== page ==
Sunday, June 2, 2013


A twenty-six month Journey
Dorothy Young, owner, of the yahoo group "A Pocketful of Mysteries" is presenting her Block of the Month quilt series. It began in January 2013, and will continue for the next two years.
The yahoo site for this is:
It is not too late to join in. This block and the other five are at the beginners level. 
So far I have found the construction of the blocks very simple.  I do recommend you start with the first block if you are a beginner.  There are simple techniques you will pick up on the journey.  

This is the block I made for myself with my paisley fabrics.  You can see I have "fussy cut" the lighter paisley.   This did present me with some problems.  I have an aversion to stitching anything on the bias.  If you are a beginner do not shy from stitching bias, just use some precautions (just because I say I am apprehensive don't be afraid).  The biggest hint I can give you is to stitch with the bias piece on the top.  I wouldn't put it next to the feed dogs.  Remember when you have to "ease" fabric, you put that next to the feed dogs and it "gathers" it in.  If it were the bias it would probably stretch it several different directions.
People have told me they use spray starch to control their bias edges (spraying the fabric and ironing it before cutting the piece out).  I have never done this, but I am not a spray starcher on anything.  (I usually steam my blocks into submission).

When I fussy cut the paisley I ended up with 3 sides of the triangle biased.  I have attached a note to the block to remind me, when I stitch it into a quilt, the outside edges are now bias edges.  I will take extra care not to use steam and stretch them out of shape. I will make sure I  join them to other blocks with them on the top, away from the feed dogs.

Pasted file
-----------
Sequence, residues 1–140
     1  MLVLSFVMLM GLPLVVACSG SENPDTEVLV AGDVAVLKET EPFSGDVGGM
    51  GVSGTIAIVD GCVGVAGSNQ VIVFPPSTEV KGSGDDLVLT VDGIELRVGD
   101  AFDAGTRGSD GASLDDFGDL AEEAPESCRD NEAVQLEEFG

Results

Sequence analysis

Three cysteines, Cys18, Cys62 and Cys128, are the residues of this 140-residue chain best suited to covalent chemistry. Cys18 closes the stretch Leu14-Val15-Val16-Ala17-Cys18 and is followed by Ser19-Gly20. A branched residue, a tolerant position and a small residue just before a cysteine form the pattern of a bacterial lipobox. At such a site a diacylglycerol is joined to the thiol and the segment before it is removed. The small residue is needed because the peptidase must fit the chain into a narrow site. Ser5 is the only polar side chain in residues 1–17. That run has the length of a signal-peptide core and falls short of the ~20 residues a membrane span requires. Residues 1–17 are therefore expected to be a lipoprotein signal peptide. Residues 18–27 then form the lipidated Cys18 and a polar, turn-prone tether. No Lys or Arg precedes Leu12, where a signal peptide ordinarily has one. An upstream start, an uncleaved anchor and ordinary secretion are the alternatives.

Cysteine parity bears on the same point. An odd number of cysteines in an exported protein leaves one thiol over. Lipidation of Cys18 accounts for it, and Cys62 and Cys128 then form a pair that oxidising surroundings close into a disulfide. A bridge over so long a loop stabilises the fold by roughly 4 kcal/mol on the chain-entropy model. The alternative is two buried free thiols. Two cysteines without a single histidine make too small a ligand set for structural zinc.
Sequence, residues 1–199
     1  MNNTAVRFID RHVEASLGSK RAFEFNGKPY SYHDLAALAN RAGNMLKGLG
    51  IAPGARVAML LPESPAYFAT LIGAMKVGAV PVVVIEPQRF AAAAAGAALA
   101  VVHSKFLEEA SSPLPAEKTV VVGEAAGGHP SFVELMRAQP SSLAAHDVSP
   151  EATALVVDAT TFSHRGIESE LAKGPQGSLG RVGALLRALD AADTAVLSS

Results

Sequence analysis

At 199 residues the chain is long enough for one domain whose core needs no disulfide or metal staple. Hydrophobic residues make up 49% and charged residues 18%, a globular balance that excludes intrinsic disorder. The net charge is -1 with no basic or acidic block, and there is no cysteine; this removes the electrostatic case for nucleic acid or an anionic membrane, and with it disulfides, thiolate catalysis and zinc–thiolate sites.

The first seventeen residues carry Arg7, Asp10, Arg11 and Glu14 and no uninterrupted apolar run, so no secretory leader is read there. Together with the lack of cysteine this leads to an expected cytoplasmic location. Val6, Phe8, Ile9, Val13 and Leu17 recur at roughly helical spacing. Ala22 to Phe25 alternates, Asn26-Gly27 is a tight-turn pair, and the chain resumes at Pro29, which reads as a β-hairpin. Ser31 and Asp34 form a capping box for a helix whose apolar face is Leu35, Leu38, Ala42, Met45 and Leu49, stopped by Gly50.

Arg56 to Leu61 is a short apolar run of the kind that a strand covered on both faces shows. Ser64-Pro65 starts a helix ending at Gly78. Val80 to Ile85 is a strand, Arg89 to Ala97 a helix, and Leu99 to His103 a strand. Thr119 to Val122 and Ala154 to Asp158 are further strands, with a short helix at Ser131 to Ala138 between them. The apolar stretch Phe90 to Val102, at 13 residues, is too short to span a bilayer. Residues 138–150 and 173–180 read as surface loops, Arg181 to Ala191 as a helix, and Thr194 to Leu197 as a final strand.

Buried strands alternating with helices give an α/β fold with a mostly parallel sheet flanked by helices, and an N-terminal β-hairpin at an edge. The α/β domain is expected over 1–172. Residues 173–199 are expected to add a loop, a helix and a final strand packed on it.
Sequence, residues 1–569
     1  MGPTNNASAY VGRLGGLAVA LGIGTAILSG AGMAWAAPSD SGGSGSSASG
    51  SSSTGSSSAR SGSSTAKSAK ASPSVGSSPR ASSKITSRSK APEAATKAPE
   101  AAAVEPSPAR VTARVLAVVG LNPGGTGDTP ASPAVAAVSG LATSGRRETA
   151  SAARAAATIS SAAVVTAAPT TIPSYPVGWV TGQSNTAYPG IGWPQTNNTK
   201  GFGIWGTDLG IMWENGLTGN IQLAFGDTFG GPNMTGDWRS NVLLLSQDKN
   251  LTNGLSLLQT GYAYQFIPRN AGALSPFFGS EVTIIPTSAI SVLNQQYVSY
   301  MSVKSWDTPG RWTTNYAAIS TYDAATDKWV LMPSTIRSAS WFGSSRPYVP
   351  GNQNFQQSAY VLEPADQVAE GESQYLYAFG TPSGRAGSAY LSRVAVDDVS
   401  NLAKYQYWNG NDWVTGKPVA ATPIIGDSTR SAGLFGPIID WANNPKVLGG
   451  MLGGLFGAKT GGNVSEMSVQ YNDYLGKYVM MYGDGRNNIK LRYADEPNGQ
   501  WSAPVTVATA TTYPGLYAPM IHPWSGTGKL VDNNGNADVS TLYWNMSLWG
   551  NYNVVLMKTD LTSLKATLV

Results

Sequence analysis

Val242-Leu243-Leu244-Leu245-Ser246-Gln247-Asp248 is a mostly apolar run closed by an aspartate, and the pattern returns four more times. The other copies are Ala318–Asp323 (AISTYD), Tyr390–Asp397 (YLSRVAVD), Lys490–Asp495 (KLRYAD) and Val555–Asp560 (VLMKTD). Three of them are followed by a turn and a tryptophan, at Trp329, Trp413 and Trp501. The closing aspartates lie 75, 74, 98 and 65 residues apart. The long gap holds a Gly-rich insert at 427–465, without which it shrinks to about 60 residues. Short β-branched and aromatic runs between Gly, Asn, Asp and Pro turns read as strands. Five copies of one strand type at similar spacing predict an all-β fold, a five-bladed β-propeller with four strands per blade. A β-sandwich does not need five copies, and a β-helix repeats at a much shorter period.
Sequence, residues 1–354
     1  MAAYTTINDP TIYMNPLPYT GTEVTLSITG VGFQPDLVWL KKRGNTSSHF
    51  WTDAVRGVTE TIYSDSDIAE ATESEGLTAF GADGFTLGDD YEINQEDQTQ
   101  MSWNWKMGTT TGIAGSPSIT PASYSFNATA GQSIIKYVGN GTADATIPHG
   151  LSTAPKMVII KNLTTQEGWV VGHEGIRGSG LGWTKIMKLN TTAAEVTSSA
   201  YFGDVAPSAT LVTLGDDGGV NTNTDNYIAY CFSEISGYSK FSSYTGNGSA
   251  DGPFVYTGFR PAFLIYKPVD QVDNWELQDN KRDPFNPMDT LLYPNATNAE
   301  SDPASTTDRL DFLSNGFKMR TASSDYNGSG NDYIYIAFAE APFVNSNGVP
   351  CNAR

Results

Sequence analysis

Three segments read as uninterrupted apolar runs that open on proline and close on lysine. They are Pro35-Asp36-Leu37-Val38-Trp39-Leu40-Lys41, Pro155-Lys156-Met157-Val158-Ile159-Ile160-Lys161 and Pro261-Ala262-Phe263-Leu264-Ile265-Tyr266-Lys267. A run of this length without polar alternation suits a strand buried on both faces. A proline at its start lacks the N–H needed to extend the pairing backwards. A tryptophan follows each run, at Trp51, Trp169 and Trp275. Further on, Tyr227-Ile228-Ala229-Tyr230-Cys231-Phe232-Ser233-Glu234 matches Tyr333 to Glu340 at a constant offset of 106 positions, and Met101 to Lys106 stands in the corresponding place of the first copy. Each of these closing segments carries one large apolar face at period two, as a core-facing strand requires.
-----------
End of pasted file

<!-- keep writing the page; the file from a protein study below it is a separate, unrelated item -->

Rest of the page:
This is how I add the bias edge to my block and make sure it stays where it belongs
 I place the pin on the point first.  Making sure the point is centered on the seam line made by the four patch.  Then I pin each corner.  This is to make sure the presser foot doesn't push the corners out of alignment.  Yes, the pinning does take time, it helps me mentally handle my aversion to bias sewing.

In my center of the block I have a special way I do my four patches.  I started doing them this way when I was using 1 1/2 inch squares to make four patches.  I needed the centers to lie flat and not have any lumps on the front of the patch.  On the following Blog I have illustrated the steps I use in making my four patches:
The tute on the 4 patches is mid-way down the blog.

In the tute I didn't show what I meant about popping a stitch. For this to work you must nest your seams.  If you are a beginner you may find it helpful to pin the side of the nest which will be going
under the presser foot first, so it is not pulled away from the other seam.

Take your  folded  four patch in each hand and and give it a tug.  The two stitches will pop open.  This reminded me.  I don't know if it is kosher or not but when I piece I piece with my stitch length set at #3 out of a 4 setting.  I like the longer length.  It seems to result in a block that lies flatter  (this could be my imagination.)  I do know it is much easier to un sew when that is required.

After you pop the seam you can open out the 4 patch and press the seams so the tiny 4 patch in the center shows up.  There will be no lump, it will be nice and flat.  (If  you have trouble getting the stitches to pop, use your seam ripper to pick them out).

This is the block I have made for my swap sister.  If you wish to see our constant fabrics I use for the blocks visit the "A" Block's Blog.

Join us in this 2 year journey. There are several hundred friends taking the trip
The following, are blogs written each month on my journey through the alphabet.

Other blogs by me:

Where I have stories of my cats and other pets
a blog about my courtship with my husband,
and a blog about my most embarrassing moment.
A "Soap box" blog where I do air my opinions.

blogs about the wildflowers on our farm
Organic methods we use, some cooking and some poetry
blogs Seeds sprouting, insects, and garden pictures
Blog about an endangered beneficial beetle

All recipes, pictures, and writings are my own.
I give credit for items which belong to other people in my blogs .
Please do not copy without permission

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